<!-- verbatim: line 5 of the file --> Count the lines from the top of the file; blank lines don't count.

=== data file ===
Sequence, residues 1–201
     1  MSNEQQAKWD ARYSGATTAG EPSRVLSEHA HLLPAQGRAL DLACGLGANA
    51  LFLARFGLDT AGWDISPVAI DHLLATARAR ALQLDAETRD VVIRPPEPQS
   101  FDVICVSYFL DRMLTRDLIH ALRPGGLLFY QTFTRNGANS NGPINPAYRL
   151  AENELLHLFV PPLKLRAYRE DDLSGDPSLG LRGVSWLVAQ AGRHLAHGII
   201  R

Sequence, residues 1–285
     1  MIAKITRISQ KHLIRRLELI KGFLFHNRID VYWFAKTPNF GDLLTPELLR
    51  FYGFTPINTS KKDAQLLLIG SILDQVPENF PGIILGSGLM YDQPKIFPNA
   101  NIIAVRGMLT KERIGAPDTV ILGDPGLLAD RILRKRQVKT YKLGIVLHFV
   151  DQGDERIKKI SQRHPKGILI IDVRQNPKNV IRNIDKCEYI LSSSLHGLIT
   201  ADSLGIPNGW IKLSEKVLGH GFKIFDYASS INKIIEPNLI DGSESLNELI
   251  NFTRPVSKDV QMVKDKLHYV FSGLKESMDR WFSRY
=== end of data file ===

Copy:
   151  AENELLHLFV PPLKLRAYRE DDLSGDPSLG LRGVSWLVAQ AGRHLAHGII